The Pittsburgh Cultural Trust announces Body in the Landscape of the Mind, work by Angela Biederman, will be on view Friday, July 7 through Sunday, July 27, 2017 at 707 Penn Gallery, located at 707 Penn Avenue, Pittsburgh, PA 15222. The opening of this exhibit will coincide with the quarterly Gallery Crawl, and an opening reception will be held on Friday, July 7 from 5:30-10:00 p.m. A talk with the artist will also be held on July 28 at 6:00 p.m.

The works in Body in the Landscape of the Mind resulted from two objectives bound by one cohesive goal.  Biederman’s first objective was to make ceramic sculptures that referenced the body by abstracting and merging components such as appendages, organs and bones.  Her second objective was to turn the mind and its thoughts into tangible art objects that resembled a landscape in which these body forms existed.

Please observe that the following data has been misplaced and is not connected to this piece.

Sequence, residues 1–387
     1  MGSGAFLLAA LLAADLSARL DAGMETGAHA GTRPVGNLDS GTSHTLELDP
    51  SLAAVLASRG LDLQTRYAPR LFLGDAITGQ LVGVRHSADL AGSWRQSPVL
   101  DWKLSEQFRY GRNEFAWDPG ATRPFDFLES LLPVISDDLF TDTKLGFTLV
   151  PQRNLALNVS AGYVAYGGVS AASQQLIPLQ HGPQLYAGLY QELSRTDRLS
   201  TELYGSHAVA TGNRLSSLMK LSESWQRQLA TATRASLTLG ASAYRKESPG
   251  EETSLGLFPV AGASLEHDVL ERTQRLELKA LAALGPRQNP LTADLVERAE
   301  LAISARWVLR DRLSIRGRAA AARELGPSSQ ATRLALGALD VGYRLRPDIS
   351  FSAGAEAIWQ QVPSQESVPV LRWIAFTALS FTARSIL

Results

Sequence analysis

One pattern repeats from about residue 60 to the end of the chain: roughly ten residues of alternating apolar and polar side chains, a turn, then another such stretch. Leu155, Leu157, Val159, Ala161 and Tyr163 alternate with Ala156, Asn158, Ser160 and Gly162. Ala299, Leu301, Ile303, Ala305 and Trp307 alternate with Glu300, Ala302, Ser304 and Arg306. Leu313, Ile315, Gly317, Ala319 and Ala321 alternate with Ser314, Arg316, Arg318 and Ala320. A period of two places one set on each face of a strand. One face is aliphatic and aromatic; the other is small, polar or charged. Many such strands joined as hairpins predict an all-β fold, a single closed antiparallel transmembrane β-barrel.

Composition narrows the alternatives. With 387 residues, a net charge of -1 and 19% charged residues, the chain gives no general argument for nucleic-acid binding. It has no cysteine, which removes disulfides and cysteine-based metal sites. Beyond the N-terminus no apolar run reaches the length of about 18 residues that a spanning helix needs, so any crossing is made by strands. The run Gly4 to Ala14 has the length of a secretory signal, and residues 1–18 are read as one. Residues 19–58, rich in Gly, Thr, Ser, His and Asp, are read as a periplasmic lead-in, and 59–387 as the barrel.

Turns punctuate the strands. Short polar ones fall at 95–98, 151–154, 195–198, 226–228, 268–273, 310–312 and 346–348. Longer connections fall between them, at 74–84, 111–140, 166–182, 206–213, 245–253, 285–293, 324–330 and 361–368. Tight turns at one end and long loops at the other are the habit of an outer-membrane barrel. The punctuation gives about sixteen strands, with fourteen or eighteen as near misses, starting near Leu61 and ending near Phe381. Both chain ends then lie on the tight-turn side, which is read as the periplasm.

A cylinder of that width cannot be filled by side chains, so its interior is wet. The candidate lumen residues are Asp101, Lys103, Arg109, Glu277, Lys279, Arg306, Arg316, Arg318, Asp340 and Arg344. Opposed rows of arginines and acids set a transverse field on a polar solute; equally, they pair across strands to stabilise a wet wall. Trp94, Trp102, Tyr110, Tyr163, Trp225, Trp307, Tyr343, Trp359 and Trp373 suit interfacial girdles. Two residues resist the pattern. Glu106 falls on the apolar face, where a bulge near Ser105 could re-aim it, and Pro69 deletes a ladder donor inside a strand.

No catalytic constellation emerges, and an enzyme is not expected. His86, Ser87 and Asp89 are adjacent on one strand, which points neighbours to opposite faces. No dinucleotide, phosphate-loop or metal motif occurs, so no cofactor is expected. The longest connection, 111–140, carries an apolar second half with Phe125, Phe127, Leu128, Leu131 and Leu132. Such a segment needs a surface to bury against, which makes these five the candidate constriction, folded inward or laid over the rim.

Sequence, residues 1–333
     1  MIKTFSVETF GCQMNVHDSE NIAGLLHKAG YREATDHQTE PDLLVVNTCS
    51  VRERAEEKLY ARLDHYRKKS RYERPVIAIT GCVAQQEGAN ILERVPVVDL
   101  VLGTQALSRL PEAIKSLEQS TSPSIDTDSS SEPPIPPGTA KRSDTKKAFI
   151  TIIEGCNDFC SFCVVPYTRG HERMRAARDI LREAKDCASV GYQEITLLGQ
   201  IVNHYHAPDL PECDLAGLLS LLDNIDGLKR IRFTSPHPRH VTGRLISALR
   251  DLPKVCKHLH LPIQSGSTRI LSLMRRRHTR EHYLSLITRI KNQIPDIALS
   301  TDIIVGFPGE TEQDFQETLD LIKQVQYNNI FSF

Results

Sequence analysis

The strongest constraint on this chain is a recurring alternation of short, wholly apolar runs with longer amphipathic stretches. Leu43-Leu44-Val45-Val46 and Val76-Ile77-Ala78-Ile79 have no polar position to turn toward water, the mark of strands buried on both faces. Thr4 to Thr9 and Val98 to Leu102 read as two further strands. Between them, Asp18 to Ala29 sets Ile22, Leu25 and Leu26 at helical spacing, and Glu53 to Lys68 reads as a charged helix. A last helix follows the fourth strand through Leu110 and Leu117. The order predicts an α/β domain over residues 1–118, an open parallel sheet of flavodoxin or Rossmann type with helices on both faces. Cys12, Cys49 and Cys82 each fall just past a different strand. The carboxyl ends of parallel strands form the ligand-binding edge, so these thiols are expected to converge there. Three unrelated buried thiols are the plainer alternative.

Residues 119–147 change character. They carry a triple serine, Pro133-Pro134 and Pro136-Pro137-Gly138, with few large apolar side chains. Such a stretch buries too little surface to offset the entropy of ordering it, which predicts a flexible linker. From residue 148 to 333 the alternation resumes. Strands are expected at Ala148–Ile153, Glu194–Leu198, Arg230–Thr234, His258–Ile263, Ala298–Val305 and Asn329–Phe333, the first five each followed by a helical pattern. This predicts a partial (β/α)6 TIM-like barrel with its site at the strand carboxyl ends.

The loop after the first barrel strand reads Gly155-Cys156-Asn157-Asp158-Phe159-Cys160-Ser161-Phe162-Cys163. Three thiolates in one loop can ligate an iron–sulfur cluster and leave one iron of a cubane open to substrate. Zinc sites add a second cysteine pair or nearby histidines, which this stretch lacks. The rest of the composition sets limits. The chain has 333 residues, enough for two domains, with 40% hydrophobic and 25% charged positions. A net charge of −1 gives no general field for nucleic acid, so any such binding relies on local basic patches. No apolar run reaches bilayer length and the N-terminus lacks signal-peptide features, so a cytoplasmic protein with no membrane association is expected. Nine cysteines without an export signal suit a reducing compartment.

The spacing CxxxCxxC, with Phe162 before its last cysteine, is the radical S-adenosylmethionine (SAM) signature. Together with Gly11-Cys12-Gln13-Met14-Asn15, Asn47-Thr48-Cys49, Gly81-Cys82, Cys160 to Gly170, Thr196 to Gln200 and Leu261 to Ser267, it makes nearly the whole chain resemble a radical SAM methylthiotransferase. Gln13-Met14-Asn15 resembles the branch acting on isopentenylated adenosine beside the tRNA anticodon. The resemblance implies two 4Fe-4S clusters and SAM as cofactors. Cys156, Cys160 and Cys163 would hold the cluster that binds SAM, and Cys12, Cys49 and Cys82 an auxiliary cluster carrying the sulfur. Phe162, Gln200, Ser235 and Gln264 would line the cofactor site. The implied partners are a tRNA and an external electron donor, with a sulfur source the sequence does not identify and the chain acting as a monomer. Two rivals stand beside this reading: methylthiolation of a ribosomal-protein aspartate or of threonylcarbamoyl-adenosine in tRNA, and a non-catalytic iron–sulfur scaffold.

“Thoughts about the body resided in my mind, which came to be their environment, and resulted in depicting the body in the landscape of the mind. In perceiving the mind like a landscape, the natural world guided these manifestations, because growth, decay and regeneration are inherent qualities of both. Some forms, colors, and textures mimic those found in nature, and some materials were repurposed from my environment, appropriated, altered, and renewed, just as our thoughts often are or can be,” Biederman explains. “Together, these objects became a hybridization of personal and natural landscapes, and depict the internal and external self.”

Regarding further influences of work, Biederman also shares, "when I traverse the landscape, I am engaged in my environment, and simultaneously have the freedom to let musings enter, remain and develop in my mind. The features in the landscape correlate to these encounters and abandonments, and the unpredictable discoveries found in both nature and thought arouse curiosity, astonishment and a sense of calm in me.  It is this same experience that I undergo when making art, and attempt to ultimately uphold in final form.”